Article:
The payments industry is a complex system of pieces, all working together to make it possible for a consumer to purchase an item or a service simply by inserting a card at a retail location or entering their payment credentials into a web site.

What happens after the consumer initiates the transaction involves the customer’s bank, the merchant’s bank, and players in between, all of whom have important roles to play in protecting the system from risk and getting the transaction data where it needs to go.

Which brings us to the term “payment gateway.” It’s often mentioned as a necessary piece of the puzzle. But what – exactly – is it?

In its simplest terms, a payment gateway is just that – an entry point into the payments system. It’s a function that sits between the merchant and the processor to capture and encrypt card and transaction data. The gateway packages the data and submits it on the merchant’s behalf to the processor for routing of the transaction to the card networks and issuing bank.

In a brick-and-mortar retail store, the gateway can act as an intermediary between the software in the POS terminal and the payment processor or processors, passing along the transaction message from one place to another. During online transactions, it may be offered through an API that integrates with the point of purchase.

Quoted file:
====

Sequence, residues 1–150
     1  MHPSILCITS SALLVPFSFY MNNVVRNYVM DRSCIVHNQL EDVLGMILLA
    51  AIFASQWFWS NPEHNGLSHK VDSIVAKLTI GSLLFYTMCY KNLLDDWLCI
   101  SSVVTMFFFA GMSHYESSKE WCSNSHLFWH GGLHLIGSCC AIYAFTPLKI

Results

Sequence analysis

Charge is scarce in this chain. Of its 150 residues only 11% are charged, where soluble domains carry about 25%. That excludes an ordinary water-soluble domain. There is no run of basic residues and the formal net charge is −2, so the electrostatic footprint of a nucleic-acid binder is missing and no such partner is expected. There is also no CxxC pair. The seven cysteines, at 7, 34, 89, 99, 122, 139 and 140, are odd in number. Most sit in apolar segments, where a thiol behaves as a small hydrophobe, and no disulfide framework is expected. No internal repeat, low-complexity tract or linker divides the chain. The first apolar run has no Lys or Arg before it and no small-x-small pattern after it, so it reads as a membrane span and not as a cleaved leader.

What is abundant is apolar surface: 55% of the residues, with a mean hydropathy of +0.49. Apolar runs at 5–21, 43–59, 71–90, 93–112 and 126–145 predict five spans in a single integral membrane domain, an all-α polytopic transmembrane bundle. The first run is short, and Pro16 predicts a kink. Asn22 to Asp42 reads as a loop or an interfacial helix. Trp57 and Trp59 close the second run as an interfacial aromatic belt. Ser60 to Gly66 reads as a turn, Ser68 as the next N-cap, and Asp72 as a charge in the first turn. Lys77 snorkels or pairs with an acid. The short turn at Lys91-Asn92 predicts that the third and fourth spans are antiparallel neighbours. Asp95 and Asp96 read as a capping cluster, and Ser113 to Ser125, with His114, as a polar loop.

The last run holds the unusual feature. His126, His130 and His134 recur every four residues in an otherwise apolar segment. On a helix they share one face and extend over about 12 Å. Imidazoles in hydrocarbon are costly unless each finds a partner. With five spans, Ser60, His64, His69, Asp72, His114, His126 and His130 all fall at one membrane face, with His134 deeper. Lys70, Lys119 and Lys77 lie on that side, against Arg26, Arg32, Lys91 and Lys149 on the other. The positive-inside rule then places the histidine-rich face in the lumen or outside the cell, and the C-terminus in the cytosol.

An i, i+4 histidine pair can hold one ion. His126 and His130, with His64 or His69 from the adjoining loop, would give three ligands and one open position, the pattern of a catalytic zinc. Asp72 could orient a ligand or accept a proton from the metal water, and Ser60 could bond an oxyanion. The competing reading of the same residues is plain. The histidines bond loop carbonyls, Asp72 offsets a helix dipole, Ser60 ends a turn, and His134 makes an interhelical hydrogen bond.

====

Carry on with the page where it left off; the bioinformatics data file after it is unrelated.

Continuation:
A variety of companies offer gateway services. Some firms such as Authorize.net offer standalone payment gateways. Processors and merchant acquirers such as Worldpay from FIS also provide payment gateways as part of their suite of acquiring services.

Payment gateways originated in conjunction with ecommerce. When the original ecommerce websites started, they found it difficult to integrate with the rigid but steady and reliable infrastructure of payment processors. It was so difficult and time-consuming (taking a year or more to become certified) that new technology was innovated to connect and certify to each processor once, while allowing e-commerce merchants to more quickly and easily integrate a more modern interface.

This morphed over the past 20 years to SDKs and flexible APIs, adding tokenization and other features, branching out to many specific segments and verticals. Today there are dozens, maybe even hundreds, of payment gateways with different features and capabilities.

A payment facilitator may include payment gateway services in the solutions it bundles together to provide to its own submerchants. Or it may choose to be gateway-agnostic and set up the needed technical integrations to support the gateways its submerchants choose.